The Ukraine-Russia war has already shaken up global energy markets. Sanctions finalized Friday by the EU will shake it up a lot more — not only for the tanker industry but also for American diesel and gasoline consumers.
The U.S. banned imports of Russian crude and products in early March. The new EU sanctions will end Europe’s imports of Russian seaborne crude by Dec. 5 and imports of refined products by Feb. 3, 2023.
Perhaps even more importantly, the EU will phase in bans on EU insurance, reinsurance, technical services or any financial services for tankers carrying Russian crude and products to any country, including current buyers in China and India, over the same time frames. The U.K. is also set to ban insurance and reinsurance for such tankers.
Over 90% of the world’s ships are insured in Europe and the U.K. The insurance ban could have “a dramatic impact on seaborne trade of Russian oil and oil products,” said brokerage and consultancy Poten & Partners. “The potential implications cannot be overstated.”
Russia crude exports
What does the new EU import ban have to do with U.S. fuel buyers? And how could tanker owners be affected?
Even before the ban, the EU has replaced 1 million barrels/day (b/d) in crude purchases from Russia, according to a Morgan Stanley report on Monday. But “there are limitations to the degree this ‘swap’ can extend further,” it said. As a result, it expects Russian crude production to decline by 1 million b/d by year-end.
Lower crude production in Russia — to the extent it’s not replaced by OPEC, the U.S. and others — is a tailwind for oil prices.
In tanker trades, the longer distance traveled by post-invasion Russian cargoes has boosted spot freight rates for Aframaxes (tankers with capacity of 750,000 barrels) and Suezmaxes (1-million-barrel capacity). These small and mid-sized tankers can be accommodated at Russian terminals.
To the extent Russian cargoes are eventually replaced by Middle East exports, tanker demand would shift toward higher-capacity VLCCs (very large crude carriers; tankers with 2-million-barrel capacity), according to Evercore ISI analyst Jon Chappell.
Yet there are a lot of moving pieces. Ship brokerage BRS made the counterargument Tuesday that the EU would source more crude from the U.S. — cargoes largely carried on Suezmaxes — leaving less U.S. crude to be exported to Asia aboard VLCCs.
Russia diesel exports
The Russian export situation is much different in the refined product sector, particularly for diesel, than for crude, according to Morgan Stanley.
With the EU ban on top of the U.S. ban, Morgan Stanley believes Russian petroleum products will have a much harder time finding sufficient alternate buyers.
“If [Russian] refineries indeed struggle to find alternative buyers, it is likely that their own production would need to decrease. It seems likely that both crude oil production and refinery runs will decline over time, reducing supplies of both crude [and products] — especially diesel — to the rest of the world.”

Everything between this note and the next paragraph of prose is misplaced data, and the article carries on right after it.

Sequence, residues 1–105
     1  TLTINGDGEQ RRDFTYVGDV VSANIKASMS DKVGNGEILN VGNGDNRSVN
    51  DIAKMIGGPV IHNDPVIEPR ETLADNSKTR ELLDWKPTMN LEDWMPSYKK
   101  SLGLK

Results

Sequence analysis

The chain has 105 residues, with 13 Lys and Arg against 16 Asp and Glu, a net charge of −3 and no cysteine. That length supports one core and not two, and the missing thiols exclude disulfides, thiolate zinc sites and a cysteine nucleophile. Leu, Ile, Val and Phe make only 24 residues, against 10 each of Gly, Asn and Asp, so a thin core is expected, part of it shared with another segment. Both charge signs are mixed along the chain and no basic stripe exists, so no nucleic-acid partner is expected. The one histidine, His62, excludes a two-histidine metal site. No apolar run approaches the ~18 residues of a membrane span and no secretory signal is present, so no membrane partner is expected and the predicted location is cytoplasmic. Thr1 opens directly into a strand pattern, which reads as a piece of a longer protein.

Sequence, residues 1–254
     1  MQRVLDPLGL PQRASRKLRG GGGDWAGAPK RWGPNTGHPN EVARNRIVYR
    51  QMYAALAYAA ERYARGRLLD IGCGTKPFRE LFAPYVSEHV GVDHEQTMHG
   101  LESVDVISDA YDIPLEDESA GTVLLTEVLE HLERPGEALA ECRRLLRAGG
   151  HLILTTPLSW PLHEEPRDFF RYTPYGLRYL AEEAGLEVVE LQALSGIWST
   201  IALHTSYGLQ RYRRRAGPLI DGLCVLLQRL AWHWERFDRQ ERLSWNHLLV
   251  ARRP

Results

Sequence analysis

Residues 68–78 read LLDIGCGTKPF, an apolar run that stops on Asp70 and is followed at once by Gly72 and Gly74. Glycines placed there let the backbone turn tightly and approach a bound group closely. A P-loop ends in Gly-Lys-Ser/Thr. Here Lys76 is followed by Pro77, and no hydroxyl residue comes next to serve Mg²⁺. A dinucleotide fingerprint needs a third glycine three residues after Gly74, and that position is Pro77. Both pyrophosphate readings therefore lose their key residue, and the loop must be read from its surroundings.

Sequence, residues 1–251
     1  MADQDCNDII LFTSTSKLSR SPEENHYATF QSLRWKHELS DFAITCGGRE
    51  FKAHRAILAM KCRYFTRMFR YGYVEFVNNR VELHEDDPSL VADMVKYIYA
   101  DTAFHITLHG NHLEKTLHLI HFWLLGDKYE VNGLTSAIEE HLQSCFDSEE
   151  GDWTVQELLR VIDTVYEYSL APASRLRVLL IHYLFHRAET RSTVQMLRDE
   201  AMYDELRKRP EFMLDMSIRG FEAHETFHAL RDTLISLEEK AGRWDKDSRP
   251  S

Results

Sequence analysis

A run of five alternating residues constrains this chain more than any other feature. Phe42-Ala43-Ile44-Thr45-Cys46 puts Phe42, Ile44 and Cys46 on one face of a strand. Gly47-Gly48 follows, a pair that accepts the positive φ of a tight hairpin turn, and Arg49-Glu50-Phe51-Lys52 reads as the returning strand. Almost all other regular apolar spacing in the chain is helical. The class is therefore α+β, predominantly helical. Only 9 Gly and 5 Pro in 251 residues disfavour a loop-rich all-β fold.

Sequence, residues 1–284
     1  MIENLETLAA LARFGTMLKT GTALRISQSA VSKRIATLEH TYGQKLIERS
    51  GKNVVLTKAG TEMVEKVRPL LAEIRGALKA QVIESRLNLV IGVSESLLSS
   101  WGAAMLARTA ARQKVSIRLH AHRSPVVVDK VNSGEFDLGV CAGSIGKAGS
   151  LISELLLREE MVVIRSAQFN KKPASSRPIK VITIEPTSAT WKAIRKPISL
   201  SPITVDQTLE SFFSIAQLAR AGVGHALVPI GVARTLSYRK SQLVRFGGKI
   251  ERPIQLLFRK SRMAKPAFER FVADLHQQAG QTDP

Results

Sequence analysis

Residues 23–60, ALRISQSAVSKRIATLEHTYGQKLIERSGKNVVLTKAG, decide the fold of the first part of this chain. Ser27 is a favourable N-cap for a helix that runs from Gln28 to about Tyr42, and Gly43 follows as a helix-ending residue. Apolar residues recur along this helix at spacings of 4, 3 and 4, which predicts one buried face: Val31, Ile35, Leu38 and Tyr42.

To the extent lost Russian flows can’t be replaced by new refinery output elsewhere, that’s more bad news for diesel buyers. The average retail price of diesel in the U.S. hit a new record high of $5.703 per gallon this week.
EU restrictions on shipping insurance
Those outside of shipping circles may not yet grasp the significance of the EU (and expected U.K.) ban on insurance for ships with Russian crude and products cargoes bound for non-EU destinations.
“This is a critical measure” that will affect “a significant portion of the global tanker fleet,” emphasized Poten & Partners.
“This will likely prevent many mainstream owners from lifting Russian cargoes,” said BRS.
‘Illicit’ trade to surge?
When the U.S. levied sanctions on tankers carrying Iranian and Venezuelan crude, exports ultimately kept flowing. Cargoes were loaded aboard older tankers with obscured ownership and no Western insurance and finance ties. Transactions were not conducted in U.S. dollars.
Tanker owner Euronav (NYSE: EURN) frequently highlights this issue on conference calls, referring to it as the “illicit trade.” At last count, Euronav estimated that this fleet had stabilized at around 55-60 elderly VLCCs, plus around 30 Suezmaxes.
In order to maintain export flows after EU sanctions kick in, Russia and/or its cargo buyers would have to find enough replacement tankers, either by using already sanctioned Russian vessels or tapping the “illicit” fleet.
According to BRS, “Although [the insurance ban] will discourage mainstream tanker owners from lifting cargoes, it will not likely discourage niche tanker owners whose vessels are already involved in the transport of illicit Iranian and Venezuelan oil.”
The question is: Are there enough tankers available to trade in this legally grey market, beyond those already serving Venezuela and Iran? Poten estimated that “if the insurance ban takes most of the international fleet out of the equation,” Russia would need to obtain services of 20 Aframaxes, 51 Suezmaxes and 43-48 VLCCs.
“Finding these vessels and arranging insurance could be very challenging,” warned Poten. “It may also make it difficult for these vessels to get employed in regular international oil trades.”
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